Senate debates

Monday, 7 December 2020

Matters of Urgency

Climate Change

5:35 pm

Photo of David VanDavid Van (Victoria, Liberal Party) Share this | Hansard source

It's great to be in here to speak on this matter of urgency, and I thank Senator McKim for it. It's like a dorothy dixer session for us on this side. No doubt he'll try another one of his tricks through this, which I'll welcome, because then I get to have a drink of water. I've got a bit of a rough dose of hay fever today.

The Morrison Liberal government takes climate change seriously, and we are serious about delivering real outcomes, because it is outcomes and action that matter, not motions in the Senate and not grand declarations of targets without a plan to achieve them. We on this side of the chamber are ambitious to reduce our emissions but, unlike those opposite, we actually have a plan. Those opposite come into this place, beat their chests and jump up and down calling for greater action, but, when you ask how they would achieve that, what do you hear? You hear crickets. It is clear that those opposite, and especially those at the end of the chamber, are all talk and no action. They are all bluster and tokenism, positioning and politics. We in the Morrison Liberal government are not playing politics on this issue. While those at that end of the chamber are talking the talk, we are getting on with walking the walk.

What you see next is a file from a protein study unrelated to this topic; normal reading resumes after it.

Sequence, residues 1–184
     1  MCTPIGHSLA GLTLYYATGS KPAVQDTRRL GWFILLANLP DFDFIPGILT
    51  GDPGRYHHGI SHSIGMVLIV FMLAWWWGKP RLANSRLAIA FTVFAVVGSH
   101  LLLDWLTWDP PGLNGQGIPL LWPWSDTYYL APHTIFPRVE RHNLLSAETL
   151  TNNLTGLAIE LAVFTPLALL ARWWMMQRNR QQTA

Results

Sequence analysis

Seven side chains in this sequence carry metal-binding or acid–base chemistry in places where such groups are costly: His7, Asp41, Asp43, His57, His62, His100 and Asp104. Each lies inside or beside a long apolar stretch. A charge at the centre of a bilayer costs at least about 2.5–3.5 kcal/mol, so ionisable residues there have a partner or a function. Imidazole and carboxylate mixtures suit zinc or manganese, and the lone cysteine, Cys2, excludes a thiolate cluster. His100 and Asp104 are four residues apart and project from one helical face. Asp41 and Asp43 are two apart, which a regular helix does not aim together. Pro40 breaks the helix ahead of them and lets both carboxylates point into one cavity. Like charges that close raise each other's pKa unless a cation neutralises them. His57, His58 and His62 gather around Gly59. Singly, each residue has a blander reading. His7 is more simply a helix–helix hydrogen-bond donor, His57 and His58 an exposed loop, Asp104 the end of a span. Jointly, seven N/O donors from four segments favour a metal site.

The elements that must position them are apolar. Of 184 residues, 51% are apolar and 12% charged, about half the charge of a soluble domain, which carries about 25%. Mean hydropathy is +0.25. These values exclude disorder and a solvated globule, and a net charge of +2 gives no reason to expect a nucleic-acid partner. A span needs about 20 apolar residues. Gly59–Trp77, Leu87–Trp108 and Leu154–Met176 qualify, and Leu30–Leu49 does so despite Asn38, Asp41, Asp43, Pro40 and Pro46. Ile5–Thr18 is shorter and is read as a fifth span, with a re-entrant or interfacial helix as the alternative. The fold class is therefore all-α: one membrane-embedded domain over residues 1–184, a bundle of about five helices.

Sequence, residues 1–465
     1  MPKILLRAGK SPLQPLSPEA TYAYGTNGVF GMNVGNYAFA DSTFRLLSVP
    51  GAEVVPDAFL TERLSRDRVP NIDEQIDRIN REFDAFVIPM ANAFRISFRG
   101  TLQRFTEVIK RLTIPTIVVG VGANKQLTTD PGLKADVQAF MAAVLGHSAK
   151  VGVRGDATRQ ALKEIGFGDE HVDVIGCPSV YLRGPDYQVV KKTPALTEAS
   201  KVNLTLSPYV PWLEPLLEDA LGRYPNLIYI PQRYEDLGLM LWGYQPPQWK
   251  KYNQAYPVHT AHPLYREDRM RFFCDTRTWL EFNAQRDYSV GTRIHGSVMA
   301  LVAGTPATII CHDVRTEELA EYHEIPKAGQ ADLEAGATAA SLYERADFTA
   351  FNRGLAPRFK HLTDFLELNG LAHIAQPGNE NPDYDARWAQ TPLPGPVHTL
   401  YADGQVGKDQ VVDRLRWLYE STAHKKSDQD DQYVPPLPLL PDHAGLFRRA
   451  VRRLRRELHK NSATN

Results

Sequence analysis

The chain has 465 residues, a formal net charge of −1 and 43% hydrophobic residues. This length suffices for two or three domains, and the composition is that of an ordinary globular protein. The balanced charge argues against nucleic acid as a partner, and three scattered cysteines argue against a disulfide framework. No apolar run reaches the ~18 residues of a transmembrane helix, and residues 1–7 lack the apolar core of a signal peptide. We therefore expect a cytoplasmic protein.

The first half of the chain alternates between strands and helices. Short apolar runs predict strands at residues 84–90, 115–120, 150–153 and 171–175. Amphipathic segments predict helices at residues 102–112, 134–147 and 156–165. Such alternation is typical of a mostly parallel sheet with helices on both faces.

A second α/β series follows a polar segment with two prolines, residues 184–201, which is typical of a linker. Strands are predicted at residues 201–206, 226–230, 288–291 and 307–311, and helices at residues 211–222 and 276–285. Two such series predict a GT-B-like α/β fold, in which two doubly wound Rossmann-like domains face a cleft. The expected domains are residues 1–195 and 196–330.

Let's talk about the facts. Climate change is a global issue, and Australia, as part of the global community, is taking action. We are 100 per cent committed to a strong and practical global action in response to climate change. We are 100 per cent committed to the Paris Agreement. It was, after all, a Liberal government that signed the Paris Agreement. It was a Liberal government that adopted a 2030 target. It was a Liberal government that adopted a clear plan to meet and beat our 2030 targets. It was a Liberal government that remained committed to the Kyoto Protocol when others wavered. It was the Liberal government that beat our 2020 target by 459 million tonnes, and it will be a Liberal government that will meet and beat our 2030 target.